The United States Prison System Essays

The United States Prison System Essays

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The United States prison systems exists as a means to incarcerate those who have been found guilty of a crime. Over the history of the penal system, there has been much debate about the purpose of prison, whether it should be to punish or rehabilitate the offender. In the mid 1970 's the penal system took a punitive turn towards punishment, rather than rehabilitation of prisoners, and continues to punish those found guilty, rather than rehabilitate (Benson, 2003). This becomes a major problem since the United States has the highest number of inmates in the world, housing over 2 million offenders under federal and state jurisdictions, and at least 5 million more under supervision of probation or parole (Mukamal, 2006). More than 95% of these prisoners will be released into the community at some point, with the penal system releasing approximately 650,000 offender 's each year, averaging 10,000 prisoner 's per week being freed from federal and state prisons (Mukamal, 2006). Two-thirds of offenders released from prison will face re-arrest within three years (Mukamal, 2006). Only one-third of all prisoners who are released, receive any type of educational of vocational training, while in prison, and while three quarters of all prisoners abuse drugs or alcohol, only one forth of them receive any type of substance abuse help once released from prison (Wikoff, Linhorst, & Morani, 2012).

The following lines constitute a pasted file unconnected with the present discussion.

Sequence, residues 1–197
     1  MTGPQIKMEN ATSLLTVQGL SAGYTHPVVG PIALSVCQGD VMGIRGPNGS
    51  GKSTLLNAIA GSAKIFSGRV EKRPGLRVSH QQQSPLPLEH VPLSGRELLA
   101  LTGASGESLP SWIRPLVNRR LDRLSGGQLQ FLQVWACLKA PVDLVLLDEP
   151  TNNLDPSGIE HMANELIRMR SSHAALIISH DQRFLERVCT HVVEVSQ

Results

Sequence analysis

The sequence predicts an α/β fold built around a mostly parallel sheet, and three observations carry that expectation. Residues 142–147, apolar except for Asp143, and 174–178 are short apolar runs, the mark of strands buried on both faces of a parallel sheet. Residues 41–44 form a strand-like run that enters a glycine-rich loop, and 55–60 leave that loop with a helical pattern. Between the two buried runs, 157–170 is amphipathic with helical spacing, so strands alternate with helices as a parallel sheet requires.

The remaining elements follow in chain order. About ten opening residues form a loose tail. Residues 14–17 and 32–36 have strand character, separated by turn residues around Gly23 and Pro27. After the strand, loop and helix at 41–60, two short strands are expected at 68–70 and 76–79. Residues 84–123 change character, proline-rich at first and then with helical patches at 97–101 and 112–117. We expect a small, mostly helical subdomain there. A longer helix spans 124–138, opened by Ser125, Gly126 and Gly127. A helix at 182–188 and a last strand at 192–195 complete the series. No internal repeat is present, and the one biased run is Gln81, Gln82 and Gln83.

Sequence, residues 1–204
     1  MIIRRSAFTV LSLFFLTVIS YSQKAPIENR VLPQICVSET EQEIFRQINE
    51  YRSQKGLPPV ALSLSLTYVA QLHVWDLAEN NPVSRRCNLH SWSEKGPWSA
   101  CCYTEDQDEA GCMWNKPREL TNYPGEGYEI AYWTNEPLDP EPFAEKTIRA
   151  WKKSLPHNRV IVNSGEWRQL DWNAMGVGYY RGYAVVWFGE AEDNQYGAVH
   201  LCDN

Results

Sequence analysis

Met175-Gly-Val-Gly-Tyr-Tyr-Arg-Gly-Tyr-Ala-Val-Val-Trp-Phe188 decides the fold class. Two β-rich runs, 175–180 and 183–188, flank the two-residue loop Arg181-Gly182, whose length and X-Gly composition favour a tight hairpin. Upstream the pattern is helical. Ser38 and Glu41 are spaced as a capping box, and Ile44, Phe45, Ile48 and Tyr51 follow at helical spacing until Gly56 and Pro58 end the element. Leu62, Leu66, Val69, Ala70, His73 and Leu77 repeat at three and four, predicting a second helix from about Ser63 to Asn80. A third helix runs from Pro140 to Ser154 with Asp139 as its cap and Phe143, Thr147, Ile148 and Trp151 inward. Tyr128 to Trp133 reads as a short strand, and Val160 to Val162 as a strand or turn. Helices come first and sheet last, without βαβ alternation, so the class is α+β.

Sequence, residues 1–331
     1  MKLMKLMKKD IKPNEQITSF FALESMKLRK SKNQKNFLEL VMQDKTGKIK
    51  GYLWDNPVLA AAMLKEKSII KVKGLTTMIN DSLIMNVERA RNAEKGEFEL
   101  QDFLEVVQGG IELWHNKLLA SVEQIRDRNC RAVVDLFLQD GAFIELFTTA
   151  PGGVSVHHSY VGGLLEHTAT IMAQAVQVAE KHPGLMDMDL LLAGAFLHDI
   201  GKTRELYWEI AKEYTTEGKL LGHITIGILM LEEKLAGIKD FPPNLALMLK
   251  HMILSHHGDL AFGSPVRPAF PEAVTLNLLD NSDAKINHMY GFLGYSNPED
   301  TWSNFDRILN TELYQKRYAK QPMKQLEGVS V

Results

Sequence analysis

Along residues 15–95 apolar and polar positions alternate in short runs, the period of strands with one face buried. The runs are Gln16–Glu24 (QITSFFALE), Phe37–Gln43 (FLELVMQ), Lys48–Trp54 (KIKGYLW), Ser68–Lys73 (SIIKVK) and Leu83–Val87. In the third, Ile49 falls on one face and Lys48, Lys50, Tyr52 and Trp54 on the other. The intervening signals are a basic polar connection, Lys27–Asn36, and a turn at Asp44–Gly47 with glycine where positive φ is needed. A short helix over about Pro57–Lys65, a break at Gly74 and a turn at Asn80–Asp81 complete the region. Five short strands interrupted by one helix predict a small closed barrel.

Those who are incarcerated, require help to transition back into society once released, rather than being left to face the transition alone. Most re-entry programs focus on one or two necessities for the prisoner after release. Rather than helping the whole person, the programs fall short by way of offering such a focused help. The question is:...


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...ny form of program assistance after release, or not, and the main dependant variable was whether particpants committed new crimes (Wikoff, Linhorst, & Morani, 2012). The study showed that at the end of the program, 20.3% of the non-particpants committed a new crime, and the particpants had a 7.4% recidivism rate (Wikoff, Linhorst, & Morani, 2012). The results also found that those with subastance abuse problems, and less than a high school education, were more likely to commit new crimes, ultimately showing that almost 1.5 with less than high school diplomas commited new crimes (Wikoff, Linhorst, & Morani, 2012). Offering such a study to offendors shows that with a helping hand, making a plan, and offering extra money upon release, most will get back on track. If this is true, what happens to those who are released from prison, can only find jobs with minimal pay?

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